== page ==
The binding nature of advisory opinions

The binding nature of advisory opinions

By Shadrack Muyesu

Although Black’s Law Dictionary defines an advisory opinion as a non-binding statement by a court on its interpretation of the law on a matter submitted for the purpose, the international legal regime (on advisory opinions) is defined by differences in definition and procedure. Kenya is an example of this uniqueness. Indeed, considering the approach on jurisdiction, the binding nature of advisory opinions and locus standi, ours could be considered a mould of its own totally flying off the handle of a few widely accepted international guidelines. This article explores this uniqueness, however briefly.

Jurisdiction and locus standi

One key innovation of the Constitution of Kenya was the establishment of Supreme Court and, with it, the power to issue advisory opinions under Article 163 (6). The Supreme Court Act No. 7 of 2011 under Section 13, along with its subsidiary rules such as the Supreme Court Rules 2012, under Rule 41, and the Supreme Court of Kenya Practice Directions under Section 31, offers further guideline as to the nature and exercise of these powers. In principle, the Supreme Court may give an advisory opinion at the request of the national government, any state organ or any county government with respect to any matter concerning county governments. Reference may proceed ex patre or by an inter patres hearing between the applicants and the respondents as interested parties and/or amicus curiae.

Once a reference application is made and the Court has given the parties an opportunity to be heard, it may reject the reference in whole or in part if, according to the Supreme Court Rules 2012, Rule 41 (4)— (a) it is incompetent within the meaning of Article 163(6) of the Constitution; (b) it considers that the applicant does not have or does not represent those who have interest in the opinion; (c) the matter in respect of which the reference is made can, in the opinion of the Court, be resolved by the advice of the attorney-general, and such advice has not been sought; (d) it satisfied that the application is frivolous, vexatious or otherwise an abuse of the process of the Court; (e) the applicant has failed to comply with any rule, directions or order of the Court; or (f) the reference is materially incomplete or lacking in clarity and the applicant has failed to remedy the defects as directed by the Court under sub-rule (3).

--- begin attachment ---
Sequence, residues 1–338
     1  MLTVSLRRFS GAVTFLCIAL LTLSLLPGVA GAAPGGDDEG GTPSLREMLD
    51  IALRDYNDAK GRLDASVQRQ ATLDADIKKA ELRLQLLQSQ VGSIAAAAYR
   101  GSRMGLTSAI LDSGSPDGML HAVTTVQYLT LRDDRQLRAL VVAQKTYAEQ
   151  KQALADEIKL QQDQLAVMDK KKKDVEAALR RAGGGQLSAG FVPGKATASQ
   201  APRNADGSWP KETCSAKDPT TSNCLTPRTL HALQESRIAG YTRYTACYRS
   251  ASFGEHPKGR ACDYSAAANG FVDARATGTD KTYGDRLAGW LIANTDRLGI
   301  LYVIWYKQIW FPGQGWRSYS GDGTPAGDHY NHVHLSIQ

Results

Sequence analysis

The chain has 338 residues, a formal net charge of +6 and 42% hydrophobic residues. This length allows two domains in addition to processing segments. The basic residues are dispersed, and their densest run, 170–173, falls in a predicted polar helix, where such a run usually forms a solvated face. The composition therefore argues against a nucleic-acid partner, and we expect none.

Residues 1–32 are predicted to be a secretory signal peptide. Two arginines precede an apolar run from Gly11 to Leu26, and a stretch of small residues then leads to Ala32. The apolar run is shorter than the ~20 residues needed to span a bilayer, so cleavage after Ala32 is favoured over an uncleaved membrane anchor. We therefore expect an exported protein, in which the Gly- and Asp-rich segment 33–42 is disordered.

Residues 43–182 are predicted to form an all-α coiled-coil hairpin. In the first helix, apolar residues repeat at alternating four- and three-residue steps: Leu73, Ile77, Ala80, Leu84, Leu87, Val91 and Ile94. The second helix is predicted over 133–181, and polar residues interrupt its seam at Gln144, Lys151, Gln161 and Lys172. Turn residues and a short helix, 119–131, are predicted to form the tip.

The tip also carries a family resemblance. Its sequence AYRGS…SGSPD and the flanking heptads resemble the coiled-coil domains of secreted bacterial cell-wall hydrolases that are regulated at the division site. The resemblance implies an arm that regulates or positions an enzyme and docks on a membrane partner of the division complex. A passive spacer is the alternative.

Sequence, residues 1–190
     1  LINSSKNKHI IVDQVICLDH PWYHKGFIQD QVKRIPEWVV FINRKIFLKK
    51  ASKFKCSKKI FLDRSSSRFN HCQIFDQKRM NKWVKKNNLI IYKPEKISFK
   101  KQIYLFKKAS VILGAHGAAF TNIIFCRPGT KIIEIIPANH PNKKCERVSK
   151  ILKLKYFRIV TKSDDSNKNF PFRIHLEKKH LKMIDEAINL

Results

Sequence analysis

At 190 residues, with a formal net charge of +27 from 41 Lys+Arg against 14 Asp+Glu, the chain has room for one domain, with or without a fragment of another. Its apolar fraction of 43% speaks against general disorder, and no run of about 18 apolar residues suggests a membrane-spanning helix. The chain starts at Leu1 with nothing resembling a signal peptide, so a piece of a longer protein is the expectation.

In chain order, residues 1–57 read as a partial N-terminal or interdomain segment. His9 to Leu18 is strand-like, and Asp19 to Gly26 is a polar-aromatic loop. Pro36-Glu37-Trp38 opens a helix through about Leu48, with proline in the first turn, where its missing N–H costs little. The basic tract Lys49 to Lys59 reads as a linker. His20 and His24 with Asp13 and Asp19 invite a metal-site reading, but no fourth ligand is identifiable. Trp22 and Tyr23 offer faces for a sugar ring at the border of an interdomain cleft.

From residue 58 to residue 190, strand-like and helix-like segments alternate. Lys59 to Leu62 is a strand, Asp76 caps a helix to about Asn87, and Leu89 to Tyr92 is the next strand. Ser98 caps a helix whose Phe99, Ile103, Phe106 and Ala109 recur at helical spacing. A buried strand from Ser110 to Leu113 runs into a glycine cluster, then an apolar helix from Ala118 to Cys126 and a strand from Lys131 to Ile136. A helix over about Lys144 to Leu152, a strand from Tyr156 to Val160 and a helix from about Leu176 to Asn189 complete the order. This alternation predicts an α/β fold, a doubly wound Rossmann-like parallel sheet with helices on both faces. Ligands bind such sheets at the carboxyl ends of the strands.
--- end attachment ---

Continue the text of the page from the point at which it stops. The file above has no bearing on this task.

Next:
Commendably, the Supreme Court moved swiftly to reconcile these laws and avert any crisis (of interpretation) that would have arisen forthwith. As to the definition of an advisory opinion, the court, in the landmark case of RE IIEC ([2011] eKLR Sup. Ct. Const. Application No. 2) had this to say in paragraph 33,

“(An advisory opinion) means legal advice rendered by the Court to the public body or bodies seeking the same, by virtue of scope created by law. Since such an opinion does not flow from any contest of rights or claims disposed of by regular process, it does not fall in the class of ‘judgment, or ruling, or order, or decree’.”